As one of the assignments for the Becoming Globally Engaged class, students are expected to respond to reflection prompts on a weekly basis. Here is the prompt and my response for the week of Sep 17, 2015.
How did you react to the perspectives on the United States that you encountered this week? What stood out the most to you? Why? How will that influence your thoughts or actions in the future – either here or abroad?
For the most part I found the perspectives on the United States to be interesting, especially the viewpoint, “where are all the people?”. Compared to many other countries, the United States is very carbased, mostly due to oil company’s control over congress and lobbying efforts when major cities were being developed about 100 years ago. This is something that as an American I dread; it’s bad for the environment and our nation’s health.
However, something that I am actually quite proud of as an American is our nation’s pride, and that is why it shocked and, I might admit, slightly angered me as many of the panelists exposed criticism for our nation’s pride and patriotism, even going so far as to say it is harmful and that Americans shouldn’t be as patriotic. Our patriotism and sense of nationhood is one of the few braggable things about the United States; it’s what brings us together close and strong when disasters hit or when there are national tragedies such as terrorist attacks. Although the stereotypical image of a redneck shooting a shotgun, yelling “‘Merica!”, might be an international joke when discussing Americans, it is only because our strong sense of patriotism that during things such as the Moore tornado, the entire nation provides aid and support. I feel as though those providing criticism might lack a true understanding of the patriotism they see overly expressed on July 4th, however there is a great deal of difference between nationalism and patriotism.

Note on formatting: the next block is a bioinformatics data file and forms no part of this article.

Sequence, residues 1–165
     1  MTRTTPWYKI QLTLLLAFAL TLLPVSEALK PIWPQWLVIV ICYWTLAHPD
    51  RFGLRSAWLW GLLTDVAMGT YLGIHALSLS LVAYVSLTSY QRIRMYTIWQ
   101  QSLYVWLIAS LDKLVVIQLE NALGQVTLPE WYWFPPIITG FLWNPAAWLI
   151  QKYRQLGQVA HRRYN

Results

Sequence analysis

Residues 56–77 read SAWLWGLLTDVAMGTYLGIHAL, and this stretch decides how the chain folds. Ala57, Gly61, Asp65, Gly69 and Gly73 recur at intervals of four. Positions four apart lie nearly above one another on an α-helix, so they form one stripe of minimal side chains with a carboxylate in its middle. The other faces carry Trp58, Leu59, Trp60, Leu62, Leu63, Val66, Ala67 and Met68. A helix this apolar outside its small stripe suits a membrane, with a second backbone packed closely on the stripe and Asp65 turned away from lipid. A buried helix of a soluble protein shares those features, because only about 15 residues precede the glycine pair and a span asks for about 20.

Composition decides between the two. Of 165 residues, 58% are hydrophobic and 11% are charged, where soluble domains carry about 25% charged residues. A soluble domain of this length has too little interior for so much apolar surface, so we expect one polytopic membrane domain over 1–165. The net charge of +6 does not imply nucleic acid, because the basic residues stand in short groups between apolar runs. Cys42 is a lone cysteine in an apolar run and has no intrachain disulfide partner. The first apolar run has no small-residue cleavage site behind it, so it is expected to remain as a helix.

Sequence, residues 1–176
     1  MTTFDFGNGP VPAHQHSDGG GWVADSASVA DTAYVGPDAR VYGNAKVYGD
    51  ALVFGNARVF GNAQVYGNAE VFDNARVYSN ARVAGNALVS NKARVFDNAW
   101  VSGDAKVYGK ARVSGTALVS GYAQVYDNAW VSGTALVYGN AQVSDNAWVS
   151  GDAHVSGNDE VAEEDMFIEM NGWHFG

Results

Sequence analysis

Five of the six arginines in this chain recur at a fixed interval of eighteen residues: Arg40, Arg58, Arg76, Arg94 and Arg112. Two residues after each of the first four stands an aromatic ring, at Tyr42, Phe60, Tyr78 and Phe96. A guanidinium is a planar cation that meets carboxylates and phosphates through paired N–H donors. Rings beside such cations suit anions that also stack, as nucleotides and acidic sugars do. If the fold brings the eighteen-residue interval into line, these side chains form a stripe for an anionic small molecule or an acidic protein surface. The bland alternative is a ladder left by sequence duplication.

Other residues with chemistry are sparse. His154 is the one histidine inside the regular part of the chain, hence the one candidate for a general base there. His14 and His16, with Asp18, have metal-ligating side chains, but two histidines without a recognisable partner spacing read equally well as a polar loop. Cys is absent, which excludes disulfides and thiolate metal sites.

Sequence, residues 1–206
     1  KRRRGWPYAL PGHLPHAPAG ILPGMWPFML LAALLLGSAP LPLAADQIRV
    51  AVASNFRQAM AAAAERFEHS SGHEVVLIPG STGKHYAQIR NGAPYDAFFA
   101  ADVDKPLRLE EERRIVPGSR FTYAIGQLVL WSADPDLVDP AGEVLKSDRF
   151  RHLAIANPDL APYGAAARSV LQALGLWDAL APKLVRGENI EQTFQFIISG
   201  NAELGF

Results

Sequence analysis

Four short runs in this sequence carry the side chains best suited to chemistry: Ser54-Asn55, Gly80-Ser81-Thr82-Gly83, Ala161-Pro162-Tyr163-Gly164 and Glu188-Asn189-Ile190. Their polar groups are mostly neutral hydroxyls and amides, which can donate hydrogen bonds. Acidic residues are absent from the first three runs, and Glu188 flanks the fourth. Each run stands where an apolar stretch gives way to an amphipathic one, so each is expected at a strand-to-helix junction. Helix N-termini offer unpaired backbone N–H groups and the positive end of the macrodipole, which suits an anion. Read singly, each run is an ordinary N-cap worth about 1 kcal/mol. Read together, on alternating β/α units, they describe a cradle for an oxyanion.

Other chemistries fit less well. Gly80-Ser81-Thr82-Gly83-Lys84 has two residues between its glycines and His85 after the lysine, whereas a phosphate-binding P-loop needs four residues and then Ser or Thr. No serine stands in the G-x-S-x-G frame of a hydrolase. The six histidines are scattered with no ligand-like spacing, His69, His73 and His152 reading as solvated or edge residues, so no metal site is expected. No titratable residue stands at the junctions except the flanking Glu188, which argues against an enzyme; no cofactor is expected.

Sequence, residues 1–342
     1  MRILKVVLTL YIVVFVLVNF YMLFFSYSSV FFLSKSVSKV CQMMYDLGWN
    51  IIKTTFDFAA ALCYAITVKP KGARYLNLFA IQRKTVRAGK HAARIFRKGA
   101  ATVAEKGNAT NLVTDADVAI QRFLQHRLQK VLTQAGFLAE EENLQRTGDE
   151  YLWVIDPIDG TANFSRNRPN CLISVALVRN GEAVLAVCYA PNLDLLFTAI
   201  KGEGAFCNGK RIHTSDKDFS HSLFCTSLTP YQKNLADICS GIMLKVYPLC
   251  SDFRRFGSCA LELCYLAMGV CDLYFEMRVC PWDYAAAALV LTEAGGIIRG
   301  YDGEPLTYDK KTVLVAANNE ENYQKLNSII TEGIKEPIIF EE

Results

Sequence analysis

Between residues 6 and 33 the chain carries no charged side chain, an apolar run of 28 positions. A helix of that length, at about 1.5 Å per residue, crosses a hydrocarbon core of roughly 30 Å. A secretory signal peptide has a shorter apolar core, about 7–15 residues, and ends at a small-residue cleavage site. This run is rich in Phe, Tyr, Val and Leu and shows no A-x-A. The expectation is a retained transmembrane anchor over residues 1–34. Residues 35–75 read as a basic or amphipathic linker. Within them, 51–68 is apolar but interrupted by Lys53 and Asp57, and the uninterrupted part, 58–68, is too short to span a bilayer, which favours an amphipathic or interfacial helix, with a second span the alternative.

Moving on from this panel, though, in looking at how it will influence my actions in the future, I will think a lot harder about my opinions when exploring the global community. There will be traditions and customs that I will encounter that may scare me and anger me as an American, and yet it may simply be my misunderstanding or simply the fact that I didn’t grow up with those things that is causing my discomfort. The opinions expressed in the panel have definitely made me think harder into what it means to see things from both sides, and going forward I feel as though my experiences abroad will be more engaging and meaningful as I’ll better be able to get past elements of culture shock.
The global community is a vastly different place across the board, despite the growth and spread of popular western culture, and as a global engagement fellow representing the United States it will be my duty to be more open minded.